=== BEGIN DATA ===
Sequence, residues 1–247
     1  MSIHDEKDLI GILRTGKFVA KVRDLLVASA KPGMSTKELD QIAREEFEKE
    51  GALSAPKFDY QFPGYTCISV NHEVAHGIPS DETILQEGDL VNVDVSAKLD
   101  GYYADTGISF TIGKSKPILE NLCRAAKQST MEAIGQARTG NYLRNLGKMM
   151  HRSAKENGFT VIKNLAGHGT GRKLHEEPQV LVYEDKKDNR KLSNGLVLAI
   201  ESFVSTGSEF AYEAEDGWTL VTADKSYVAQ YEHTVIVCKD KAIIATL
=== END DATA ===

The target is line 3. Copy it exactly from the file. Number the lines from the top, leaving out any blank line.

    51  GALSAPKFDY QFPGYTCISV NHEVAHGIPS DETILQEGDL VNVDVSAKLD